Can you tell us about the accomplishments you have been able to make despite your illness?
When it comes to chronic pain and physical limitations, it’s easy to curl up in frustration and shame and let the inner voices wreak havoc.
However, with every limiting card I have been dealt in my past, I was somehow able to make a Royal Flush and come out stronger, faster and more connected to others because of it. I am excited to prove the same with this, but with a new definition of what accomplishment means.
So often we feel like accomplishment and success are synonymous with hard, arduous work. While that’s certainly apart of it, I’m finding that resisting the societal pull of more and instead exploring stillness, clarity and connection is the most powerful thing I can do.
We often shortchange our needs and hide behind being “busy,” but ultimately, when your life literally depends on it, you figure out a way to clear your schedule, lighten your load, and prioritize what matters.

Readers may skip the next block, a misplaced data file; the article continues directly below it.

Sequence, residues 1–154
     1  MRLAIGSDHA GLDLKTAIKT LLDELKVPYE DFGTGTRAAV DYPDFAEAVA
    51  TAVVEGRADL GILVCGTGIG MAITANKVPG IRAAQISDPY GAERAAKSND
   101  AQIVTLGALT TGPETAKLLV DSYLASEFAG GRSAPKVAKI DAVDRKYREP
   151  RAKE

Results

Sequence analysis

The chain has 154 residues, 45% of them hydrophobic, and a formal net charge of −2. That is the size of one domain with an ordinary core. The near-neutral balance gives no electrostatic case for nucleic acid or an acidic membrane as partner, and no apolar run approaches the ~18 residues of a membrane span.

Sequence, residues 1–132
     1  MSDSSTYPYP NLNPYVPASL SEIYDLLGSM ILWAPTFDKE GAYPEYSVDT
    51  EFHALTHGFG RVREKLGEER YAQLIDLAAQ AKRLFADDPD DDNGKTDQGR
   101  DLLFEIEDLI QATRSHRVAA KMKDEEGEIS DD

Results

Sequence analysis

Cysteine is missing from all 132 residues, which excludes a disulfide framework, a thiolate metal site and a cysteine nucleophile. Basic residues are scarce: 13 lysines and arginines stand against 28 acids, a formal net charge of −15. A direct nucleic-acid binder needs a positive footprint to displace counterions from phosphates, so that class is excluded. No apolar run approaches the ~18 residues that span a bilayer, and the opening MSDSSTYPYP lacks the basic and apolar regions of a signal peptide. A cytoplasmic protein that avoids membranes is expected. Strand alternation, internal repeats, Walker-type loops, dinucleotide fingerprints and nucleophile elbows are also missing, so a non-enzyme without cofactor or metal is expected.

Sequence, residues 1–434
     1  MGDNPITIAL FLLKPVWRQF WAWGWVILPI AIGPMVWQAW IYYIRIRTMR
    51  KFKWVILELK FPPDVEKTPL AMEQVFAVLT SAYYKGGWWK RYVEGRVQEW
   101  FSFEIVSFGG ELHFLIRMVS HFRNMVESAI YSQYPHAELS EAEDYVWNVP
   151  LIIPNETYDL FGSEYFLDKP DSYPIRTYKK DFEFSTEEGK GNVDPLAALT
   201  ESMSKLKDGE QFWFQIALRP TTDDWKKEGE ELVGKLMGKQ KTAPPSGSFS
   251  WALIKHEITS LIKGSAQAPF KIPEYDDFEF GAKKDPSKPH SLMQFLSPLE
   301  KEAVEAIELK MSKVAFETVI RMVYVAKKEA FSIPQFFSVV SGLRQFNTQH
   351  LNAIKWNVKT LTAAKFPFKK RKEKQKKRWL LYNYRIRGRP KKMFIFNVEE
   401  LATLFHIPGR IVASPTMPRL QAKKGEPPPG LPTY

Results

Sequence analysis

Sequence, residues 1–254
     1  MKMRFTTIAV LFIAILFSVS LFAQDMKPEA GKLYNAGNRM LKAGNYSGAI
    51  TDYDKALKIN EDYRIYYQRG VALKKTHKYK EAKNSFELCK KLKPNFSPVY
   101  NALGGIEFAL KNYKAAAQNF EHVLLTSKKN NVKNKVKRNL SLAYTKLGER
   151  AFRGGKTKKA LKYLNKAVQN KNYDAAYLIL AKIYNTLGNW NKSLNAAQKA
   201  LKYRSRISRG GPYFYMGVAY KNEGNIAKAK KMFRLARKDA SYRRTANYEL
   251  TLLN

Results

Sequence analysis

So through this struggle I have found that accomplishment is synonymous with connection. If I can have connection with others who are dealing with post-injury, then I have succeeded. If I can connect with people around the world who may not have support, guidance, or sympathy, then I can feel accomplished.
And most importantly, if I can use this an opportunity to really find inner connection — mind, body, spirit — then I have hit the motherload.
What advice would you give to other people who have limitations?
- Awareness and connection is everything. Zero in with absolute clarity on where your limits are and what makes things better, worse or the same. Learn to connect with your pain signals as a form of open communication with your body. Pain forces you to get clear and focused.
- Sometimes doing nothing is just the thing to do. Repair happens during rest. Muscle tissue rebuilds during rest. You’re not lazy. It’s not something to feel bad about. It’s part of the healing process.
- Lean on a support system. It’s hard to do anything alone, but especially hard when you have chronic pain or physical limitations. Health professionals who may help, friends, family, an online group of strangers who are going through the same thing. Get connected. Pros, friends, family.